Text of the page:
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Togo: UNICEF responds to nutritional emergency - launching of a detection and treatment of malnourished children campaign

© UNICEF Togo/Hadrien Bonnaud/2008
© UNICEF Togo/Hadrien Bonnaud

Togo- June 2008- In Togo, the under 5 malnutrition rate is at an alarming 14.3%, above the emergency level of 10%. In three of the five Togolese regions (Maritime, Kara, and Savanes), more than 77,000 children suffer from malnutrition, among whom 18,800 suffer from acute severe malnutrition.

In order to address this disturbing situation effectively, UNICEF has opened 134 nutritional rehabilitation centres, trained more than 350 health agents and close to 1,400 community health agents, supplied more than 200 tons of therapeutic food, medicine, anthropometric material, and developed tools for the collection of data and the follow-up of activities in the health centres.

More than 6 in 10 Togolese live below the poverty line (on less than 2U$ per day), and many parents cannot even cover the cost of transportation to take their suffering child to be treated at the nearest health centre.

UNICEF is now launching the second phase of its programme to fight against malnutrition: the Advanced Strategy of Detection and Treatment of Malnourished Children. The campaign’s approach is to move to the most isolated communities and identify and treat children suffering from malnutrition in their community. No less than 72 villages in the Savanes Region and 60 localities in the Kara Region are targeted, and in June, the campaign will be implemented in the Maritime Region.

The aim is also to educate mothers on malnutrition and the ways to prevent it. UNICEF is also adopting a community-based approach which consists of offering a package of services for the prevention of malnutrition:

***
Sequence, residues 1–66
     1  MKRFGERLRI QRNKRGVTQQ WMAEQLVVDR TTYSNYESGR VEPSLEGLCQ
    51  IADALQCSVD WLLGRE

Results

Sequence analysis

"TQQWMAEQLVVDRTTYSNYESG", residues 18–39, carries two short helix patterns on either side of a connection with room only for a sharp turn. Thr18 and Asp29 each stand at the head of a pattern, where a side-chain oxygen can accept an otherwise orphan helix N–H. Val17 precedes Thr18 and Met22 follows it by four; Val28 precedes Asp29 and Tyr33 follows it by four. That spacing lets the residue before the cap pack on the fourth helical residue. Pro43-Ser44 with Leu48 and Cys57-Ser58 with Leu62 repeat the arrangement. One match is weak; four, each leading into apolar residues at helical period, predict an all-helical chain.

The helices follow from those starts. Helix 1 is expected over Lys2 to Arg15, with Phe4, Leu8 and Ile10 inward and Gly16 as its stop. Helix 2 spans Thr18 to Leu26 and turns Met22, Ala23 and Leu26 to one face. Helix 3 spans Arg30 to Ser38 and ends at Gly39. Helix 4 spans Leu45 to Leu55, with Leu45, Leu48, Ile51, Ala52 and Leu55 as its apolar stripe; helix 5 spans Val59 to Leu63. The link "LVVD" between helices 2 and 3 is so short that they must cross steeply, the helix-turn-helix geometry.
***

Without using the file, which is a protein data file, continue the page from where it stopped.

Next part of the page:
• The supply of nutritional supplements; vitamin A and Albendazole in order to reduce micronutrient deficiencies among children under 5.
• Implementation of an awareness-raising campaign for pregnant and breast feeding women on good food practices and maternal feeding in order to reduce the malnutrition prevalence as quickly as possible.

To sum up, UNICEF’s global strategy to fight against malnutrition is based on three pillars:

• Continue to open nutritional rehabilitation centres ( 172 new openings planned) and strengthen the training of health agents,
• Extend a mobile campaign of detection and treatment of malnutrition,
• Promote the package of services.


Thanks to the financial support of donors such as ECHO, the set of interventions that UNICEF is providing will enable nearly 77,000 children to be treated, more than a million children to get nutritional supplements and more than 90,000 pregnant and feeding women to benefit from awareness-raising on breast-feeding and good food practices.

In the current context of an increase on the price of food products, UNICEF action becomes even more crucial. UNICEF works in close collaboration with the Government, WFP, FAO and NGOs in order to respond effectively to the nutritional crisis and to prevent the damages that a food crisis could cause in Togo. 


Contacts
Una McCauley, Representative - umccauley@unicef.org
Essi Fafa Soulé, Communication Specialist - fsoulé@unicef.org
Aissa Mamadoultabou, Nutrionnist Specialist – amamdoultaibou@unicef.org

 

 
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